Why we need to educate ourselves about service animals

Today at my local shopping centre I overheard a conversation between two strangers which got a little heated. One lady was going about her business with her assistance dog and another woman came up and started talking to the dog. The woman with the assistance dog explained that the dog is working as a service animal and pointed out his harness that indicated this. She tried to explain to the other woman that distracting the dog while he is working means that he will not pick up on when she needs help and she could get seriously injured or die as a result. She also explained that this is the same as guide dogs. She asked the woman to speak to her and not her animal for that very reason.

Rather than apologise for her mistake and acknowledge that she wasn’t aware of this, the other woman proceeded to argue that she addresses and pats guide dogs all the time and that all dogs need to be socialised. She then started accusing the owner of not being able to control her dog, completely missing the points that the owner had made in the first place.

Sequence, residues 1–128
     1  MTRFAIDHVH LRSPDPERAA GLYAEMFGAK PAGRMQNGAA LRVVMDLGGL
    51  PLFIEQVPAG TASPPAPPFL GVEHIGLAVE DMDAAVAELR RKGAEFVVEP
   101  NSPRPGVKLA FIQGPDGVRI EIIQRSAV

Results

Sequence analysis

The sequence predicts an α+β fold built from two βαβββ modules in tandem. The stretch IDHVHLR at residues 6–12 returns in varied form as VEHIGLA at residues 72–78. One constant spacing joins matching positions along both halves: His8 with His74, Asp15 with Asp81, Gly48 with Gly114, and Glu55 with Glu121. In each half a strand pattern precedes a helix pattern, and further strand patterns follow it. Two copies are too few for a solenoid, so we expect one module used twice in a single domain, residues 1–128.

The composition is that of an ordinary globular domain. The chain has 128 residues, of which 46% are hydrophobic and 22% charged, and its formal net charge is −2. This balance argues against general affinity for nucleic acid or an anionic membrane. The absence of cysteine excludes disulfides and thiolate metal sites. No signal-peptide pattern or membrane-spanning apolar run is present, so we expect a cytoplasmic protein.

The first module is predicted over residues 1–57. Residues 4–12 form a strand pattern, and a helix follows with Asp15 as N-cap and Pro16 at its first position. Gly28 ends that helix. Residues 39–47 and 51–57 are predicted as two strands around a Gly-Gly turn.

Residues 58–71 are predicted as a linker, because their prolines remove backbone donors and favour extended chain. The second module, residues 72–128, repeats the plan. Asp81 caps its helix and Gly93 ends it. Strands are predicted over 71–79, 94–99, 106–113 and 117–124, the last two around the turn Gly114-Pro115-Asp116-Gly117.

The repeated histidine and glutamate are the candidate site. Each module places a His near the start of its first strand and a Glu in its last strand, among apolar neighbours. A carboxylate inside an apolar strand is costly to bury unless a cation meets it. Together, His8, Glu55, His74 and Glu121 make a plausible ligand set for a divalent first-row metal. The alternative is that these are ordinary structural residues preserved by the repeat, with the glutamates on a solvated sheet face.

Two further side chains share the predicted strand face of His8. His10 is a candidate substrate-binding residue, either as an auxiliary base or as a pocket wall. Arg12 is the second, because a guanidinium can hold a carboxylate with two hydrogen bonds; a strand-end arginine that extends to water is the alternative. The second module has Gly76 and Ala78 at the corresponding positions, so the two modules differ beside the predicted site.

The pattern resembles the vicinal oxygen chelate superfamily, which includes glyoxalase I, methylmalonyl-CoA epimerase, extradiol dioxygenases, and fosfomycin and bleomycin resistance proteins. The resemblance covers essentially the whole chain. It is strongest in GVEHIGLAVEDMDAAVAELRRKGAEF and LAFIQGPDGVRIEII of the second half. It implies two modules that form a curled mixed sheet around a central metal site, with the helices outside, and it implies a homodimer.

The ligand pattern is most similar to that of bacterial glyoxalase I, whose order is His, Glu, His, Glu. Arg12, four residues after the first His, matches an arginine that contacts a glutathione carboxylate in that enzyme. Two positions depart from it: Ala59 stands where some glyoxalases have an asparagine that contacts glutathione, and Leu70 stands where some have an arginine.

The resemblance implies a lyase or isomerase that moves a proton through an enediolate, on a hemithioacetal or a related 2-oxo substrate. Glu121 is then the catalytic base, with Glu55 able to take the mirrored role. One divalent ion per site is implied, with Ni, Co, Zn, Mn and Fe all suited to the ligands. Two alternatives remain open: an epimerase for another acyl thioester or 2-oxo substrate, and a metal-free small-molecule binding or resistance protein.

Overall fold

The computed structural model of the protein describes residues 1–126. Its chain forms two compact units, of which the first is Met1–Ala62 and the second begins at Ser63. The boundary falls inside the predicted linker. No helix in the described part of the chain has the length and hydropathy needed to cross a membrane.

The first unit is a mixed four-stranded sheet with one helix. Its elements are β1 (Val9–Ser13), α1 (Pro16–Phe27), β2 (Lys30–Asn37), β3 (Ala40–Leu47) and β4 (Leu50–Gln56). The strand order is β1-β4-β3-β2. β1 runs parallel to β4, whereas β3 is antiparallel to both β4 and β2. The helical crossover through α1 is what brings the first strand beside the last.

I ended up talking with the owner after the exchange and she was rightfully upset about the exchange and confided in me that she was so sick of having to explain to ignorant people not to pat her dog or otherwise distract it while it is working. For dogs who alert their owners to medical issues, such as people who have epileptic fits or have insulin related issues, it is integral that they stay focused as any distraction can literally be a matter of life or death.

For people who don’t use service animals, I believe that it is important that we make sure to educate ourselves about what is or isn’t appropriate when we encounter working animals. Until a few years ago, I personally was guilty of smiling at working dogs because they’re ridiculously cute and the dog lover in me just wants to pat every dog I see. It’s an understandable reaction, but we cannot put people’s lives at risk by distracting a service animal while it is working.